A wind farm developer has scaled back plans for a turbine extension in Moray following community feedback.
A billion-pound wind farm has been closed for more than two weeks after a technical fault brought it to a standstill. Rampion Wind Farm, which is 13km off the Sussex coast, is still out of commission after an electrical problem on October 26.
The energy minister is to launch a review into the impact wind farms have onshore amid claims the countryside is being “concreted over” with substations and cable corridors built as supporting infrastructure. The move has been welcomed by campaigners who have been fighting proposals in the East of England to build substations and cable trenches “the size of Wembley stadium” to get electricity from wind farms to the National Grid.
he Welsh landscape could be destroyed if more wind farms are built, campaigners have warned. They accept the need for renewable energy but are concerned about the impact on tourism in some areas.
Wind turbines taller than Blackpool Tower are being proposed for a site near Langholm. E Power Ltd has submitted a scoping report for the Callisterhall scheme to the Scottish Government and the proposals are for up to 25 of the 720ft high structures, dwarfing the iconic tower which stands at 518 feet and nine inches tall.
"We sense that the visual impact of today's big turbines - much bigger than those deployed in Middelgrunden [the world's first commercial offshore wind farm] and Arklow - may become a political issue in time because where we're looking at the early deployments on the east coast is where most of the population lives."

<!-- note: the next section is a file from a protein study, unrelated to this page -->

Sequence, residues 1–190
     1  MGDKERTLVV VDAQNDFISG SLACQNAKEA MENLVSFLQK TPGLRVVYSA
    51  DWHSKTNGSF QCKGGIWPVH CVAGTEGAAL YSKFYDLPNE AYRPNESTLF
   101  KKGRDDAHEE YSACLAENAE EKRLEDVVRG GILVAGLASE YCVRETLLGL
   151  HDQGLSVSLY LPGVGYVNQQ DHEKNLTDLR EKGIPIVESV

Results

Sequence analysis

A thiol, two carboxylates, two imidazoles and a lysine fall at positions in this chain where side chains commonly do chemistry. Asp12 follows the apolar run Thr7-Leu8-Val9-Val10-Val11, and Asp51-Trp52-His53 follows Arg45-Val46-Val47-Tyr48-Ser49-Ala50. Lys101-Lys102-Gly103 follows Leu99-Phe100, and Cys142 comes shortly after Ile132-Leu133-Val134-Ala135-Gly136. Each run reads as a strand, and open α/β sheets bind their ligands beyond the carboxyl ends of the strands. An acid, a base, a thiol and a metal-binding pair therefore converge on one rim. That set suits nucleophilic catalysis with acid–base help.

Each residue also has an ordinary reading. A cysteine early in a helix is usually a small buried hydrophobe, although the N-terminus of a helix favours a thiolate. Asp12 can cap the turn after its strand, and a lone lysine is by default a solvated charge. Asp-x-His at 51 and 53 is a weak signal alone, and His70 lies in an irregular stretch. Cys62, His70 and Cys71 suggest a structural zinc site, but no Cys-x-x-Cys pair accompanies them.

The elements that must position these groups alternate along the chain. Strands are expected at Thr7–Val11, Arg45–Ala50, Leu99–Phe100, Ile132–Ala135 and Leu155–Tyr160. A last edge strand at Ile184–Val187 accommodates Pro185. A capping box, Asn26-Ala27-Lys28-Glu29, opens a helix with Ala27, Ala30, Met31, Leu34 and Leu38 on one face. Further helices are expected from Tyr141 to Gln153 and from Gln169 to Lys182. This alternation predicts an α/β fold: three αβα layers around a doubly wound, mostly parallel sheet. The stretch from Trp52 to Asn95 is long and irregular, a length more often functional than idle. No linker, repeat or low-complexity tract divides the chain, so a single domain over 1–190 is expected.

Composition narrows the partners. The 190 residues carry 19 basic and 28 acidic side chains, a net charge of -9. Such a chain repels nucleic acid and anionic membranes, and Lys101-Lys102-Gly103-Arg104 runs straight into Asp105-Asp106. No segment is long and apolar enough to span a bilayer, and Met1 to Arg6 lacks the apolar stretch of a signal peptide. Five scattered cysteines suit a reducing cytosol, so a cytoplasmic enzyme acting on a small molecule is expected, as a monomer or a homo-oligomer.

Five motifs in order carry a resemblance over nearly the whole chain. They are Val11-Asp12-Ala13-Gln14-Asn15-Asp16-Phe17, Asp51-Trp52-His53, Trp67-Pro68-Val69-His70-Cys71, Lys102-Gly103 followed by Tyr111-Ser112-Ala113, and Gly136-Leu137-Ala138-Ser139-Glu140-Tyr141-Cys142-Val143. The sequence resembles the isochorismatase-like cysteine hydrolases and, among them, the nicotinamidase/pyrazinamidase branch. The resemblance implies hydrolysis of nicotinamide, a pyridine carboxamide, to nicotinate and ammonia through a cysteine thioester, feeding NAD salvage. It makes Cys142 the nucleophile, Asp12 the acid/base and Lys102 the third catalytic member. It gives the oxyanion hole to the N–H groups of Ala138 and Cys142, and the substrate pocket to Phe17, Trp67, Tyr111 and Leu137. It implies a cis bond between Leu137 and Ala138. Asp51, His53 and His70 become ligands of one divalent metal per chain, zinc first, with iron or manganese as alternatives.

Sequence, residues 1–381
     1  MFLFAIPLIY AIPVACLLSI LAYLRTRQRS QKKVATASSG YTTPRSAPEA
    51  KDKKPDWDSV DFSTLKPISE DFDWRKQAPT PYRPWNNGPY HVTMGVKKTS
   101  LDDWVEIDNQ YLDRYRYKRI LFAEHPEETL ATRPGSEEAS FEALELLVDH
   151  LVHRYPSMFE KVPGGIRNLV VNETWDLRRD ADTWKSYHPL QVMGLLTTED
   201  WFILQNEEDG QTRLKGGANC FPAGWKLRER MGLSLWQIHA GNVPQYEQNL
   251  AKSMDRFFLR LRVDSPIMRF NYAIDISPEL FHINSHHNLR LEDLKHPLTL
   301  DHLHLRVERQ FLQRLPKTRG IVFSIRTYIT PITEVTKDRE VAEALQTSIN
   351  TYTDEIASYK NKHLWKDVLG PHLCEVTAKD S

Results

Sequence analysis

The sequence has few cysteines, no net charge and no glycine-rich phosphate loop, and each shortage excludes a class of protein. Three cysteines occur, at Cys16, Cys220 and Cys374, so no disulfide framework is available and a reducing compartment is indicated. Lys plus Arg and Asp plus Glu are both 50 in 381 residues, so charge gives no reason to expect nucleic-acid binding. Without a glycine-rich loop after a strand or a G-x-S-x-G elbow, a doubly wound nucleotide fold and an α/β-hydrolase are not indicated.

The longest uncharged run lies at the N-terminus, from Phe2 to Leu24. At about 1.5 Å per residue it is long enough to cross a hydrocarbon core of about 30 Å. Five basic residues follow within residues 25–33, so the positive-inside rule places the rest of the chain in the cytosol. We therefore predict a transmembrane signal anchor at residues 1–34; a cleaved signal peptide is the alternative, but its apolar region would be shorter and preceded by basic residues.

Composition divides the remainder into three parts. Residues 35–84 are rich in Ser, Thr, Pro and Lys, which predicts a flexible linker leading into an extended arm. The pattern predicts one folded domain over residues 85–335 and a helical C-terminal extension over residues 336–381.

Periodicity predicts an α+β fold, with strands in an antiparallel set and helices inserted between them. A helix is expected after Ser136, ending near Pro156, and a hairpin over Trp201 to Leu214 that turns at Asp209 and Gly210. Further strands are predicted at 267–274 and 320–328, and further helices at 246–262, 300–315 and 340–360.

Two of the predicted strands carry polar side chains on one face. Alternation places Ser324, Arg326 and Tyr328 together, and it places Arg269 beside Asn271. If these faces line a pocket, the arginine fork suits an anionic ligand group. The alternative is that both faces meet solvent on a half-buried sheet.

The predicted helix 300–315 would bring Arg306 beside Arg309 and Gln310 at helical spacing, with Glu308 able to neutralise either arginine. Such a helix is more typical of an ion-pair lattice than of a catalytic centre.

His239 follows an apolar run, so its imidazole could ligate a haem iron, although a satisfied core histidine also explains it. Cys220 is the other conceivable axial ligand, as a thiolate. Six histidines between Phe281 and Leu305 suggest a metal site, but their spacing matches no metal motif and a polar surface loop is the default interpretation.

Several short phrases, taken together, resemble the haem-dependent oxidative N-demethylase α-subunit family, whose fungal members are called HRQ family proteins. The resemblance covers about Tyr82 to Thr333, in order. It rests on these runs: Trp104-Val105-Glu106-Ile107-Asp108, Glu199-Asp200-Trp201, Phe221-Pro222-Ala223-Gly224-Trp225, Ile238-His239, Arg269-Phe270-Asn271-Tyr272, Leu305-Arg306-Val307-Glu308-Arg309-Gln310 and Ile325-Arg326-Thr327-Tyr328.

A decision on whether the world's largest offshore wind farm will be built has been delayed amid fears it will harm endangered birds. The Government was meant to rule on October 2 whether or not the Hornsea Three wind farm - 120 kilometres off the north Norfolk coast - would get the go-ahead.
One of the turbines had caught alight where the blade is attached to the tower. Smoke from the fire could be seen from as far at the A19 flyover.
"We'll be absolutely there on the front line to attack it, because we believe what we've got now is more than we should have to bear... We've got the Snowdonia National Park and looking out from that you'll see this forest of metal turbines. It's just diabolical," he said. "Scenery is all part of what we sell as a tourist destination and tourism is our only industry. To put those there is industrialising the seascape.
The original intention was to dismantle the components of the Siemens turbine by crane. However, a suitable method of safely dismantling the turbine by this method could not be established and as a result, a controlled explosion was been identified as only feasible method for decommissioning the Siemens machine.
RSPB Scotland director Stuart Housden stressed that the wind farm projects threatened to kill thousands of Scotland’ s internationally protected sea birds every year, including thousands of puffins, gannets and kittiwakes. “While we fully support deployment of renewable energy, this must not be at any cost,” he said.